There are many tools available for today’s garden that are designed to make life easier for the interested hobby gardener. This includes the Gardena smart system, which is compatible with various robotic lawn mowers and various irrigation devices. Since the system, similar to Homematic IP, can be controlled exclusively via cloud, special attention must be paid to security. Time to take a closer look at the system.
Gardena, a German manufacturer of an extensive portfolio of gardening tools, was founded in 1961, and since 2007 belongs to the Swedish company Husqvarna AB, but will continue as an independent division. Gardena has a long tradition in the field of garden irrigation, for example, it has had irrigation controllers in its product range since 1985.
In our test, we put the Gardena smart Water Control Set on the security test bench. It consists of a gateway and an irrigation control system and can be controlled via Android or iOS app as well as via web.
A Husqvarna account must be created as part of the setup process. In order for the Gardena smart Gateway to be linked to this account, it must be connected to the Internet either via Ethernet cable or WiFi. In the user manual, Gardena explicitly recommends the initial connection via Ethernet but does not go into the reason for this. However, this was quickly noticed: When set up without a Ethernet cable, the gateway creates an unencrypted WiFi hotspot to which the smartphone must be connected. After connecting, the gateway’s website must be opened in the browser and the first eight characters of the serial number must be entered as a password. After authentication, it is then possible to search for surrounding WiFi networks.
Certainly, the risk for the user of being spied on during setup is low – especially since the WiFi hotspot remains open for a maximum of 15 minutes unless further configuration is made. However, Gardena has taken no further precautions to protect the user in this respect.
After startup, the Gardena smart Gateway establishes a VPN connection to seluxit.com, a Danish IoT service provider. The transmission is therefore effectively encrypted at all times.
The corresponding app (Android, iOS) always communicates TLS1.2 encrypted. The main communication takes place to subdomains of husqvarnagroup.net. Trackers are also contacted, they receive further attention in the privacy section. The gateway can also be controlled via https://smart.gardena.com.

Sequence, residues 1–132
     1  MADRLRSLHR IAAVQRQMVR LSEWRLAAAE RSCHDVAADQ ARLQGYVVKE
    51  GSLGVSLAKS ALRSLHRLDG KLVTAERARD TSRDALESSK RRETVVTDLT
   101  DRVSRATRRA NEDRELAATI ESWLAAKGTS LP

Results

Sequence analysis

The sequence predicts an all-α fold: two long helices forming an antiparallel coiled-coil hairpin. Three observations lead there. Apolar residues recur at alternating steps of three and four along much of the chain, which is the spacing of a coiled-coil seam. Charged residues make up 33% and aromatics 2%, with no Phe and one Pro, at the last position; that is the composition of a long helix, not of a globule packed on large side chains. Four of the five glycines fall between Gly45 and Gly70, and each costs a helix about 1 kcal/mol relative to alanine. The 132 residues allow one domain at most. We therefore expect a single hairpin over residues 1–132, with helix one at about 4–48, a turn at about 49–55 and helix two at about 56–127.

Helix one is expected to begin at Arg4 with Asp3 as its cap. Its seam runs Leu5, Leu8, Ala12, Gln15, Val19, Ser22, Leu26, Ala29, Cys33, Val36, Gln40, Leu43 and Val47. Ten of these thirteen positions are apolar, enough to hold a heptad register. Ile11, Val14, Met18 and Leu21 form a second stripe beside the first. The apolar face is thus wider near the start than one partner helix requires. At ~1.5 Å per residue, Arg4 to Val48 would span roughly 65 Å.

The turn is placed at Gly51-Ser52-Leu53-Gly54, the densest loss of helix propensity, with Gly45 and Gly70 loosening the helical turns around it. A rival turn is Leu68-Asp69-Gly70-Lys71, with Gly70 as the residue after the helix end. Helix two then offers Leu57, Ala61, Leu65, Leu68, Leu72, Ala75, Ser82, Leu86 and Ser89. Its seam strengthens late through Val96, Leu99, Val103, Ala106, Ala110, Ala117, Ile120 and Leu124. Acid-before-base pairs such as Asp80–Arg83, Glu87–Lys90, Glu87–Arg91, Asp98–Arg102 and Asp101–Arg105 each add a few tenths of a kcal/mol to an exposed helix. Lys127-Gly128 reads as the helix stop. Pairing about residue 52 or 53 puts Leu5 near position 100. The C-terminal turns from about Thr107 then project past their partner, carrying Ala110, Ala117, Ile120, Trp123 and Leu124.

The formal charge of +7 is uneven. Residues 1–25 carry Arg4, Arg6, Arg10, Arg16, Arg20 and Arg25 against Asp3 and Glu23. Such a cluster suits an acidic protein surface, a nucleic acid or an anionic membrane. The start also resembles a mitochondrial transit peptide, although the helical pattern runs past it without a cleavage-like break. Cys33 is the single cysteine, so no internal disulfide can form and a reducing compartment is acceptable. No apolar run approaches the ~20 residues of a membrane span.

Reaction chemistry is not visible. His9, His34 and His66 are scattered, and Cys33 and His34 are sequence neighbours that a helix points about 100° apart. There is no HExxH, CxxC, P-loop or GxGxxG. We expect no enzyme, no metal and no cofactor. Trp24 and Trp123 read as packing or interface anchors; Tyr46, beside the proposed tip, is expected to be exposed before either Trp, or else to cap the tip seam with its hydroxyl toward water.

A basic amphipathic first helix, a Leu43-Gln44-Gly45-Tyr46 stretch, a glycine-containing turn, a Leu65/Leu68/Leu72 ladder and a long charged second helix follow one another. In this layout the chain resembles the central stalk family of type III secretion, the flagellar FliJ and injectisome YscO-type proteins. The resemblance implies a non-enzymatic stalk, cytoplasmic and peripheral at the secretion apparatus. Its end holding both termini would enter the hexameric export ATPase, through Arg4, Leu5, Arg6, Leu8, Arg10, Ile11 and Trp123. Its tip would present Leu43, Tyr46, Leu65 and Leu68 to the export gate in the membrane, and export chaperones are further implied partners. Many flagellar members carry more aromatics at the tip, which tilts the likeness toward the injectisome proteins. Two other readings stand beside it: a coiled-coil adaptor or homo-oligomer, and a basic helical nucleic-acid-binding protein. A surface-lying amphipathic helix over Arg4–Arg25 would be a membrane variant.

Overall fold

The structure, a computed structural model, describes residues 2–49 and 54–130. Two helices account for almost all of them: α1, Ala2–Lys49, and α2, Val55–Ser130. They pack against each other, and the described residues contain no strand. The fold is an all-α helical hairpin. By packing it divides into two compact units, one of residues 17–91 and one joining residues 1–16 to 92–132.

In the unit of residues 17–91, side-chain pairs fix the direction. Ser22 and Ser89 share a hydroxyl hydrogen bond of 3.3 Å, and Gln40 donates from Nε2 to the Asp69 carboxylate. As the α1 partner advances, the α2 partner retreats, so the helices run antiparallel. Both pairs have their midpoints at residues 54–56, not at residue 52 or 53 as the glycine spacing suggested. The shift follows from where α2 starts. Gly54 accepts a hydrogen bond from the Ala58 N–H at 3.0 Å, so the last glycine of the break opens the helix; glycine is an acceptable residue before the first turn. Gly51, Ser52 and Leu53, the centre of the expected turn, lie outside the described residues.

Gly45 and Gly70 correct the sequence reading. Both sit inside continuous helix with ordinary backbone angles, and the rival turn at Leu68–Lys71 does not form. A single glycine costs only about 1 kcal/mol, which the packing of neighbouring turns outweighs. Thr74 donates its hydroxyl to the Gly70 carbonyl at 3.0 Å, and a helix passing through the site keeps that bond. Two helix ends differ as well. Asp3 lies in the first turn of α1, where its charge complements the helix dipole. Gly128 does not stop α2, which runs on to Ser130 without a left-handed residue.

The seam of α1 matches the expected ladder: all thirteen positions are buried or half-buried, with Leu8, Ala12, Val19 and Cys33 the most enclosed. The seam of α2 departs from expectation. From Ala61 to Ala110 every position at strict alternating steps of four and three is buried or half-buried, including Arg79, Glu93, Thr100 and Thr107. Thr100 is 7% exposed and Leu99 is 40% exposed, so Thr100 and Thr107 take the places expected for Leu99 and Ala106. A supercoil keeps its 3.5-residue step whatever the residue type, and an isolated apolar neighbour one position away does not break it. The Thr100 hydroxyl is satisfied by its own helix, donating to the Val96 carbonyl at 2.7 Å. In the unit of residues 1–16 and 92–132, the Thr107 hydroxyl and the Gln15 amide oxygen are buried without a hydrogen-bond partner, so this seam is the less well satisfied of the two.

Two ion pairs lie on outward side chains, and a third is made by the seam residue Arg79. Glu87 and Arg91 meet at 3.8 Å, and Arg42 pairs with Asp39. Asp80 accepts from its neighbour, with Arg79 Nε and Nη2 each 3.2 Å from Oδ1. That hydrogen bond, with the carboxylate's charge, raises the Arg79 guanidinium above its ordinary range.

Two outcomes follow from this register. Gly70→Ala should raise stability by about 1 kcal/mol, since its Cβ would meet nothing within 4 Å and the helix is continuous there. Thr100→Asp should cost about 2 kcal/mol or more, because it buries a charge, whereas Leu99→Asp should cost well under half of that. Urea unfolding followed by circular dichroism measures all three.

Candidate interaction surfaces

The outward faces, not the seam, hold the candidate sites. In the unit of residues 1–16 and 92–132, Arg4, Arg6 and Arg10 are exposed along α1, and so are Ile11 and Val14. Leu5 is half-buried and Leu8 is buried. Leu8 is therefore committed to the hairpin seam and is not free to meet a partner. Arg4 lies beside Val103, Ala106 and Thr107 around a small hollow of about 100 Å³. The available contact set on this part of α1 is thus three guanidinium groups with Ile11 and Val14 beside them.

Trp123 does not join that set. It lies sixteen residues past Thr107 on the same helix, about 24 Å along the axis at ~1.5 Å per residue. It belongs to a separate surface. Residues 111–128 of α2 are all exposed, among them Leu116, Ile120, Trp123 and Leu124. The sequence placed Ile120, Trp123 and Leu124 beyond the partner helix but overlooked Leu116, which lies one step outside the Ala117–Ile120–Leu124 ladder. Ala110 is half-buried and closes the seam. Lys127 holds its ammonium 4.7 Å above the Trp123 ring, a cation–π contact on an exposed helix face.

During the analysis of the Gardena smart app, it was noticed that it consists to a large extent only of a web wrapper, in other words the simple display of the Gardena website. Furthermore notifications and trackers are integrated.
Website certificates are correctly validated by the app, but the implementation of certificate pinning was omitted. In older Android versions, an attacker could therefore spy out connections if he could install a certificate on the user’s device. However, this requires access to the device and thus still offers the attacker other, potentially more interesting targets.
Before registering with the Husqvarna account, the Gardena smart Gateway downloads a firmware update.
However, this is done via an unencrypted channel. Furthermore, the firmware update itself is unencrypted and reveals some information. Some parts are already known, because Gardena and Husqvarna have been disclosing the used open source components for quite some time now, furthermore they offer the possibility to compile the firmware of the gateway by yourself – even if this is accompanied by the loss of warranty.
The firmware is based on Yocto, an OpenWRT-compatible Linux system for the embedded sector. A package manager is also included in the firmware used by Gardena, so that further packages/applications can be downloaded relatively easily once access has been gained. Furthermore, OpenVPN and Dropbear (SSH server) are preinstalled.
A Github project was looking into reverse engineering of the devices and came across an SSH backdoor of the manufacturer, who according to this information gets access to the gateway via the VPN connection. Although we were able to find the identical SSH key in the firmware update, we can neither confirm nor deny this statement due to the lack of SSH server configuration. A permanently active SSH backdoor would not only allow attackers to access the Gardena smart gateways when accessing the manufacturer’s cloud. The pre-installed package manager could be used to install other tools and thus infiltrate the customer’s network. In order to counteract such cases, we would rather recommend that IoT devices are connected via a separate home network so that other devices are not affected. The manufacturer is advised to activate such accesses (if present) only after manual approval by the user.
Data is processed mainly in Germany and Ireland. If a transfer to other countries is necessary (e.g. for Google Analytics), an adequate level of protection is ensured. During setup, the location of the gateway can be entered. This is used exclusively for weather queries and anonymously for statistical purposes.
As part of this security test, we took a closer look at the Gardena smart system. The solution, which can be controlled via cloud, establishes a VPN connection to the manufacturer and is therefore permanently encrypted. Gardena also earns many points in the app and privacy area. Gardena should bring the setup of the gateway via WiFi up to the state of the art. Until then, we recommend that customers set up the product via Ethernet cable.
The actual security of the system is weakened by the unencrypted downloading of the firmware update. Of course, the download is carried out from the base, from the home network – but you should not always rely on the security of the home network.